How to determine the initial discrepancy parameter in the likelihood

Hello, all

I am recently doing a Bayesian calibration of the classical elongation problem. The case is simple: We apply a force P on the beam, then we get a displacement u. All other variables (E,L,b,h) are constants.

The inversion principle works as:

Forward model: \mathcal{M}(p): U = \frac{PL}{Ebh}

The likelihood is constructed by the discrepancy between observation u and forward model \mathcal{M}(p)

\mathcal{L} (p,\sigma \mid u) = \frac{1}{(2\pi)^{{3}/2}\det(\boldsymbol{\Sigma}(\sigma))^{1/2}} \exp\left(-\frac{1}{2}\left(u - \mathcal{M}(p)\right)^{\mathsf{T}} \boldsymbol{\Sigma}(\sigma)^{-1}\left(u - \mathcal{M}(p)\right)\right)
\Sigma(\sigma) = \sigma^2 I

The discrepancy \sigma^2 is usually unknown, it is common practice for \sigma^2 inferred together with model parameter P. This requires the initial specification of a prior distribution of the distribution parameter \pi(\sigma^2), which UQlab document and examples adopt the mean of the observation.

Here come to my question: Since the discrepancy \sigma^2 is the error between the observation u and forward model \mathcal{M}(p), why should we take the mean of the observation as a prior for \pi(\sigma^2)? Personally I think it is too big. Why not take 1%-5% of mean of the observation as a prior for \pi(\sigma^2)?

The reason I propose this question is because when I doing the elongation beam problem. If I take mean of observation u as a prior for \pi(\sigma^2). The result looks like this (not good):

If I take 1% of mean of observation u as a prior for \pi(\sigma^2), the result looks like this (good):


I understand the difference is from the setting of discrepancy \sigma^2, not from UQlab.

In summary: how can I determine a reasonable range for the discrepancy parameter \sigma^2? I understand that it must be related to the measurements u, but are there any rules for this? For instance, is 1%-5% of the measurement a reasonable range for a good prior for discrepancy? Because clearly, 1% of the measurement works perfectly for this elongation problem. But would this also apply to other, more general problems? I’m hoping to receive some guidance on this.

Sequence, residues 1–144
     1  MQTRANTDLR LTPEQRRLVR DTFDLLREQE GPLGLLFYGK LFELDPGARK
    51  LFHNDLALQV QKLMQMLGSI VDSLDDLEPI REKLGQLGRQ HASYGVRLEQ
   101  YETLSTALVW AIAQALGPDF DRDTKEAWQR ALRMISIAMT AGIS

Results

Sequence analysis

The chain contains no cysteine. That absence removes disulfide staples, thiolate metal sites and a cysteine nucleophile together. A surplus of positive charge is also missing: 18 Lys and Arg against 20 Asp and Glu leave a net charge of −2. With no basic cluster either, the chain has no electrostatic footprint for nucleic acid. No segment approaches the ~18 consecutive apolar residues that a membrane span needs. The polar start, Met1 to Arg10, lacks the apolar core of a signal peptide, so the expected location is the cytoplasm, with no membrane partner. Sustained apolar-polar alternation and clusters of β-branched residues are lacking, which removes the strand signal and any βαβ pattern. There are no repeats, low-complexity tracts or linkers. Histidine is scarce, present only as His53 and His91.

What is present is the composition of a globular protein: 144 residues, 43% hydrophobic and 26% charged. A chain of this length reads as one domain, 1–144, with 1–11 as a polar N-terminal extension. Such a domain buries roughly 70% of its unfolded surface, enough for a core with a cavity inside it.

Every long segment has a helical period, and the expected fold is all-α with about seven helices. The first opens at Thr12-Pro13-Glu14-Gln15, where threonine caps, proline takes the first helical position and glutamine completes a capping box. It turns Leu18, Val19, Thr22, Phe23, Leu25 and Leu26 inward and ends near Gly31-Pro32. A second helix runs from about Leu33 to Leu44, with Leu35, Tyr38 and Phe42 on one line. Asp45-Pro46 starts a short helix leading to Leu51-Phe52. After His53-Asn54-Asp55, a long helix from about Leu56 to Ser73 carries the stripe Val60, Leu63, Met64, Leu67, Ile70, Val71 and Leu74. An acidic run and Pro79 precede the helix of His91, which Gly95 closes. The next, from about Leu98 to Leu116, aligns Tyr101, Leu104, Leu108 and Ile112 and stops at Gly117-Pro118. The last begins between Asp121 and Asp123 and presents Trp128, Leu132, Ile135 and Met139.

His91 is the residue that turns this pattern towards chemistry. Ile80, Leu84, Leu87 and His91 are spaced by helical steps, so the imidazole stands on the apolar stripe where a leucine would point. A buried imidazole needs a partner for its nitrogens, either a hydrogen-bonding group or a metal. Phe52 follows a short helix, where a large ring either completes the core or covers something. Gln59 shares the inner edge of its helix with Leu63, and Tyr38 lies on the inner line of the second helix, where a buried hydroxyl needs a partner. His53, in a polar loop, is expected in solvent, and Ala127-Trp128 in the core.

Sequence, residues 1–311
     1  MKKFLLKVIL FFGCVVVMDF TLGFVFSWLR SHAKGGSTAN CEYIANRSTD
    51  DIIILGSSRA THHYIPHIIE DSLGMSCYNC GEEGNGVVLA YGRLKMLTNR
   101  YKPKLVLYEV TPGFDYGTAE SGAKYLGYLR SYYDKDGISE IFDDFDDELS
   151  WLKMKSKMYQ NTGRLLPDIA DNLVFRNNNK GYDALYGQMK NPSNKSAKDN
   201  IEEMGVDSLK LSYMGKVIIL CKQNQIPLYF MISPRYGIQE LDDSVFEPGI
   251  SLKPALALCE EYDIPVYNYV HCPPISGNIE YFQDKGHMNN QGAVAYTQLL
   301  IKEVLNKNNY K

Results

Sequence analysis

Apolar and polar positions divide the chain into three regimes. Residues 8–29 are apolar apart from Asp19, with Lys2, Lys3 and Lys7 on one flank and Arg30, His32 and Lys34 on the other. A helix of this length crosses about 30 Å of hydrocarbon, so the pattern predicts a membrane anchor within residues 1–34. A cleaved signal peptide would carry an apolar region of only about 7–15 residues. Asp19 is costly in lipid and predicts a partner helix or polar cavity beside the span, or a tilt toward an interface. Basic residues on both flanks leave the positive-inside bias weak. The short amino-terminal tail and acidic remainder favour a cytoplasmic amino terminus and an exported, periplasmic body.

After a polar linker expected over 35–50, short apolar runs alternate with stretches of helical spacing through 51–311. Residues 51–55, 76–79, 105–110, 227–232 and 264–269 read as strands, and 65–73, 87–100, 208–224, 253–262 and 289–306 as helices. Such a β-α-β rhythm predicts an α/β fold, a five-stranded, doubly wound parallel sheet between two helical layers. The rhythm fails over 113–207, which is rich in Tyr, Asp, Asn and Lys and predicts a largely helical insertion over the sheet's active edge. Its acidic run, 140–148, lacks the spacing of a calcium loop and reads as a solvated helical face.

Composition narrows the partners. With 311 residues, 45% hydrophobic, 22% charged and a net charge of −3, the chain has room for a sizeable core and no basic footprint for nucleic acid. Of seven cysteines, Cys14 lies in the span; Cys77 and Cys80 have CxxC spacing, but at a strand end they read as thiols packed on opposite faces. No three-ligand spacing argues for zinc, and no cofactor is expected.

Any suggestions and comments will help


Dear @ny123

Thanks for your question about Bayesian calibration. In this process, the discrepancy term (modeled by zero-mean variance) can be interpreted in different ways:

  • if the model was perfect, and the discrepancy only corresponds to measurement error, it makes sense to use the supposedly known variance \sigma^2 of measurement error in the definition of the likelihood function.
  • In general we don’t have perfect models though, and part (often, the biggest part) of the discrepancy is due to this model error. In this case, it’s difficult to know a priori the variance of such model error term (already assuming that it is zero-mean is quite a strong hypothesis). That’s why we usually try to use a non informative prior on \sigma^2 in that case. The Jeffrey’s prior is a popular option:
\pi(\sigma^2) \propto \frac{1}{\sigma^2}

Yet UQLab cannot (currently) handle this prior. So in practice we use a uniform prior \pi(\sigma^2) \sim \mathcal{U}(0, UB) , where UB is a large value, yet commensurate to the magnitude of the observation data, so typically the square of the mean of the data (but you could also choose the empirical variance, maybe a multiple of it).

Back to the beam problem, if the data is informative for the calibration, then the choice of the prior distribution on \sigma^2 should not change so much the results. I hope this replies your question.

Best regards

PS: in the case of discrepancy with unknown variance, the prior (e.g., the upper bound UB of the uniform distribution \sigma^2 \sim \mathcal{U}(0, UB)) should be for the variance \sigma^2, not for \sigma.
Don’t get confused with the values!

Dear @bsudret ,

Thank you for your detailed explanation on Bayesian calibration discrepancy term. I appreciate the suggestion of using Jeffrey’s prior as another alternative option to uniform non-informative distribution for \sigma^2. I’ll dig more about Jeffrey’s prior this further as a potential solution.

And also, thanks UQlab for providing such a wonderful platform to receive help.

Best regards,